- Press the Windows key + I to open Settings.
- Go to Windows Update or Update and Security > Windows Update.
- Click Check for updates to look for new updates and Install now to install them.
Troubleshoot in Clean Boot Mode
Windows 8 had an issue where some third-party apps were preventing the computer from shutting down. You can check for such conflicting apps even in the newer Windows versions.
- Open Run.
msconfigand press Enter to open System Configuration.
- Go to the Services tab.
- Check Hide all Microsoft Services and click Disable all.
- Hit Apply. Then, go to the Startup tab.
- Click Open Task Manager.
- On the Task Manager, choose each Enabled program and select Disable.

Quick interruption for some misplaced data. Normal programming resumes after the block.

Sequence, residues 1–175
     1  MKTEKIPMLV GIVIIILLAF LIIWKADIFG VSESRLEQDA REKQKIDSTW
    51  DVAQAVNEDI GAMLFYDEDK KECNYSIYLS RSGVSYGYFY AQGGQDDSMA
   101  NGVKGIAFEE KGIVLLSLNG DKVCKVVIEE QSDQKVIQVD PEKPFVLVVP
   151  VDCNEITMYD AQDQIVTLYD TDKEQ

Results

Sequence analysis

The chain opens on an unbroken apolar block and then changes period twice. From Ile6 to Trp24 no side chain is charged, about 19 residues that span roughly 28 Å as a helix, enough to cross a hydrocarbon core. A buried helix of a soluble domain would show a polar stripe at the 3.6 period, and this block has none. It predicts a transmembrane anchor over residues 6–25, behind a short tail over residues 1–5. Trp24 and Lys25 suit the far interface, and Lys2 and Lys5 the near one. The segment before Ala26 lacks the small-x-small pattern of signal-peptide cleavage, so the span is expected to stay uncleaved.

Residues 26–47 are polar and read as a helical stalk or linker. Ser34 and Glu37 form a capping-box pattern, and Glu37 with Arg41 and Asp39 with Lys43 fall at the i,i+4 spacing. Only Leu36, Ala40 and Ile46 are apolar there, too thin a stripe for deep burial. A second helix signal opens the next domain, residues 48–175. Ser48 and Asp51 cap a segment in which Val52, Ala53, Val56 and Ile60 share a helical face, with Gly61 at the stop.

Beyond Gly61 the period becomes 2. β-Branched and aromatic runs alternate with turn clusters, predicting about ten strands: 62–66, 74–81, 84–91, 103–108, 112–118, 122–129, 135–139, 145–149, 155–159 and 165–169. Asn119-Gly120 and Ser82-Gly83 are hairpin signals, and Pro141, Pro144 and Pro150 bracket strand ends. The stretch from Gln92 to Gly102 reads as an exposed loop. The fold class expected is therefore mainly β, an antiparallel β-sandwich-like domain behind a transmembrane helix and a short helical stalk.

Then, restart your PC and try shutting it down after that. If you are successful, some apps are definitely conflicting with the shutdown process. Now, you need to find these programs.
- Power up the computer again and go back to System Configuration.
- On the Services tab, enable the first service, and click Apply.
- Restart your PC and see if you can shut it down.
- If yes, open System Configuration again and enable another service.
- If you can’t shut down your computer after enabling a certain service, disable it and continue with the troubleshooting.
- After you are done with the services, do the same for your Startup Apps through the Task Manager.
After determining the program responsible for the conflict, you can keep its service or process disabled or uninstall the application altogether to resolve the issue.
Unplug Connected Powered Devices